Many in Tamil Nadu were hoping that the end of Jayalalithaa and Karunanidhi eras would finally put an end to the cinema-politics nexus in Tamil politics. But if Rajinikanth is indeed ready to take the plunge, it could end up entrenching this bond even further.

‘Hanuman Da Damdaar’ has Salman Khan, animation, songs and a big-budget feel

The film positions the monkey god as a superhero.

There has been a profusion of films and television shows on Hanuman’s exploits, including VG Samant’s Hanuman (2005). Ruchi Narain’s Hanuman Da Damdaar is the latest addition to the list. The June 2 release focuses on the monkey god’s childhood and traces his evolution into a divine force. The voice cast includes Javed Akhtar as Valmiki, Salman Khan as Hanuman, Raveena Tandon and Saurabh Shukla as Hanuman’s parents, Kunal Khemmu as Indra and Hussain Dalal as Garuda.


Narain made her big screen debut as a screenwriter on Hazaaron Khwaishein Aisi in 2003 and her directorial debut with the crime thriller Kal : Yesterday And Tomorrow in 2005. After directing commercials for 12 years, Narain has chosen to make her comeback with a family-oriented animated film. Animation gives greater opportunities for creativity, she told Scroll.in in an interview.

What drew you to animation?
I have grown up watching animation films. They trigger your imagination more than any other medium. The kind of scope they give cannot be expected in any live action film. You can stretch the script of an animation film to fantastical levels. In live action, however, you are bound by the physical possibility of things.

How different was the experience in terms of the production?
If I knew how hard it was going to be, I may have thought twice about it. The medium is very different because everything is deliberate. In live action, you cast the actors and put them before a camera, and sometimes magic happens. But in animation, you have to make that magic happen.

Having said that, we did have a ball filming. Our only rule was that the line we literally fell off our seats listening and laughing to would go into the film.

Why did you choose Hanuman from all the Hindu gods?
In my mind and in my research, there was very little material on him, especially when he was a kid. As a writer and as a thinker, I would often wonder what would make someone so loyal. Nobody has the unwavering loyalty that Hanuman has. To be that loyal, you need a lot of conviction and strength in the face of opposition.

Usually when someone is all powerful, they tend to become the be all and end all. But Hanuman isn’t. And in today’s world, I found this personality to be even more fascinating. Nothing is about doing something for someone else or for a greater good anymore. It is a very relevant quality to remember.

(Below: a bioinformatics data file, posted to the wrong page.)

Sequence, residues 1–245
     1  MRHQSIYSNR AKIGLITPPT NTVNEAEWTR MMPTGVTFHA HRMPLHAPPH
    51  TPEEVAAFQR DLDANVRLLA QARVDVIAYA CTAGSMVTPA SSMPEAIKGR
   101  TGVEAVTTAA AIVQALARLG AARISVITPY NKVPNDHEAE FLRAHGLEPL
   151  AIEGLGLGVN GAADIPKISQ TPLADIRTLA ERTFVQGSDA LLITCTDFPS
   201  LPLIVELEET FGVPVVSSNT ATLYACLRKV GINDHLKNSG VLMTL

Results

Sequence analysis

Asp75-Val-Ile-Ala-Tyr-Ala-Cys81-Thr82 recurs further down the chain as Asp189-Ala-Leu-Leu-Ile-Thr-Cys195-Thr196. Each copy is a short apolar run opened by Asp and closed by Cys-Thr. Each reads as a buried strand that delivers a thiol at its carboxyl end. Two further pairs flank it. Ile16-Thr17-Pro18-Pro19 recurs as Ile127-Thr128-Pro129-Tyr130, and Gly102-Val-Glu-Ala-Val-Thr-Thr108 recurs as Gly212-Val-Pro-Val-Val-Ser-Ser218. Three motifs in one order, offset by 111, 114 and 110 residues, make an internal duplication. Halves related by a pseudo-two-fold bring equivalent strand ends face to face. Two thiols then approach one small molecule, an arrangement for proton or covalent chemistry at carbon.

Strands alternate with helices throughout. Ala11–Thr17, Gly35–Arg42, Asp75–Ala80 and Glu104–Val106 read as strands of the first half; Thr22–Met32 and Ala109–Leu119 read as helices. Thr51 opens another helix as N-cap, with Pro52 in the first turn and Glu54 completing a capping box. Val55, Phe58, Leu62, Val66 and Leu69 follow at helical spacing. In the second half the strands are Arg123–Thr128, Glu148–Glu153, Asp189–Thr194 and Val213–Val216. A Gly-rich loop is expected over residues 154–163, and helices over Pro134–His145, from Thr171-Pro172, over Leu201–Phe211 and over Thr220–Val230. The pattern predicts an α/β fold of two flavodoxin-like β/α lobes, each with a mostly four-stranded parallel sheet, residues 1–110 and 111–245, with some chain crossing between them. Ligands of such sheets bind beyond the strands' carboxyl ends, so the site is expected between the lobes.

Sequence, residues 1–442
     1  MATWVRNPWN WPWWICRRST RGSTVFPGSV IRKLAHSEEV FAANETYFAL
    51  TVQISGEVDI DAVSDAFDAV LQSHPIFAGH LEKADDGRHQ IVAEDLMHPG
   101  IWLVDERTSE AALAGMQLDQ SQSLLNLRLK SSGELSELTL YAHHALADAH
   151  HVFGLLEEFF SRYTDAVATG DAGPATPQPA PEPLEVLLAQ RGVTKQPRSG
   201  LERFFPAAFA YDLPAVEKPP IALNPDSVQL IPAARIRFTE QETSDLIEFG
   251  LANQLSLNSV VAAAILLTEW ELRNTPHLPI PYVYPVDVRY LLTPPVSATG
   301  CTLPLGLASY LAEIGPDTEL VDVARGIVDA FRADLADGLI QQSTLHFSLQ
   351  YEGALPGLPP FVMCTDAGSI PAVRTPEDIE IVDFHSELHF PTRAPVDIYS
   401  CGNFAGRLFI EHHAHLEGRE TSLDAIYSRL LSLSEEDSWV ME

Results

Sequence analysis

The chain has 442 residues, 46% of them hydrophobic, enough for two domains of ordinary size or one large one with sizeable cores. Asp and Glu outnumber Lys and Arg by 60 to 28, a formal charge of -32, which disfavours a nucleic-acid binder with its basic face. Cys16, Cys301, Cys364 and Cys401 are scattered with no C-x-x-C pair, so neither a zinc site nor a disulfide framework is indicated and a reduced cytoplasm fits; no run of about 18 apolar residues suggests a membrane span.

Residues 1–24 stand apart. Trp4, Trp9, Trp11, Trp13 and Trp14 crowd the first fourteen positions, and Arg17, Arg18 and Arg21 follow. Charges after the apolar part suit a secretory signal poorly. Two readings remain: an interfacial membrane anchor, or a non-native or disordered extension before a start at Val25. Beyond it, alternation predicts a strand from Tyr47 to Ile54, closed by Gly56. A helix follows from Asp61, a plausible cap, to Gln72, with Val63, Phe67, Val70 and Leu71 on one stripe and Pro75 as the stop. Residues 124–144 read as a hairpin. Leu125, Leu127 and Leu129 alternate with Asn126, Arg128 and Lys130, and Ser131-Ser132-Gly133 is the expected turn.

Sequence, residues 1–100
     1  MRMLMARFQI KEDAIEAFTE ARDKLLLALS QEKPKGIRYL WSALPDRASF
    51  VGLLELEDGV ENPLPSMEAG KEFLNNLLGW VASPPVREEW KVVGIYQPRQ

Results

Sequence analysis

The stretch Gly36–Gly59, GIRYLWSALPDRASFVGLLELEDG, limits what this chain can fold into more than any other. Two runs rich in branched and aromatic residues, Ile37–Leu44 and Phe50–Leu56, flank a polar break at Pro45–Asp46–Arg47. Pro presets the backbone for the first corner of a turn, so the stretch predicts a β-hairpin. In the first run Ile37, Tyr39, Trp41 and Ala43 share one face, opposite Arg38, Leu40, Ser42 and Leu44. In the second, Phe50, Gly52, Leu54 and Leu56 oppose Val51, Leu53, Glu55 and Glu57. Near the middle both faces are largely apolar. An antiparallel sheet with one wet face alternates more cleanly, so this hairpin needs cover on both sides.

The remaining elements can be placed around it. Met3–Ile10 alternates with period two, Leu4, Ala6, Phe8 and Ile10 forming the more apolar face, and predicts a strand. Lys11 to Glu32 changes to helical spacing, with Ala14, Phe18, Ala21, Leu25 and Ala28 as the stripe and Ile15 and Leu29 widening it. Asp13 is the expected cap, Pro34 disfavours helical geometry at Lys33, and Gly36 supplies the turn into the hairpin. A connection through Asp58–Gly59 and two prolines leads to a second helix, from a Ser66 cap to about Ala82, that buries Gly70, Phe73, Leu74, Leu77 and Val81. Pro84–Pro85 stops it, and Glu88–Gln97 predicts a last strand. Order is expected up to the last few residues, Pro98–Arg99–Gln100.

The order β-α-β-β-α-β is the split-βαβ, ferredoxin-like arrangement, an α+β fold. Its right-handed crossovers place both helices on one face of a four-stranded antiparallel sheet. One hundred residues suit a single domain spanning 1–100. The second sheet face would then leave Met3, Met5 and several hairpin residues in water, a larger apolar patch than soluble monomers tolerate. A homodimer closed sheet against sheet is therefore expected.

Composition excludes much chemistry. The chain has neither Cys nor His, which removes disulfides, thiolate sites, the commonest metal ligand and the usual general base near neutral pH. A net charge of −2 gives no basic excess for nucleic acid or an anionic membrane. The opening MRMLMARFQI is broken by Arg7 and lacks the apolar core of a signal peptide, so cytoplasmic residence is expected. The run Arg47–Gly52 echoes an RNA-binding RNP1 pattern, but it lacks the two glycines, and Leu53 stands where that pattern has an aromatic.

There have been many films about Hanuman. What makes ‘Hanuman Da Damdaar’ stand out?
The story and the treatment of Hanuman Da Damdaar make the film different. There is a popular mainstream treatment. For instance, there is the song Confusion , which has been choreographed by Mudassar Khan. He got his crew to dance the sequence, which we then edited and gave to the animators. We have approached the production like a big feature film.

The trailer has many pop culture references, such as Salman Khan’s dialogue from ‘Wanted’.
Whatever you say, people associate Salman Khan with Hanuman because of Bajrangi Bhaijaan. There are certain lines in his films that you tend associate with Hanuman. The “Ek baar jo commitment kar di” line, in essence, also works very well for Hanuman. The meaning of the line echoes loyalty.

I wanted to tell a story in a way that people today can relate to. Also, in terms of language, there is a way we are used to seeing these stories depicted – which is very stuffy and highfalutin. What is made in your time needs to speak to you in your language. Language has to reflect and communicate with the people that you are making it for.

How did you select the voice cast?
In those days, narrators used to tell the stories and not write them. By virtue of the fact that the Ramayana was so widely transmitted, Valmiki must have been a great narrator. And I thought to myself, who is the greatest narrator in our industry? It had to be Javed Akthar.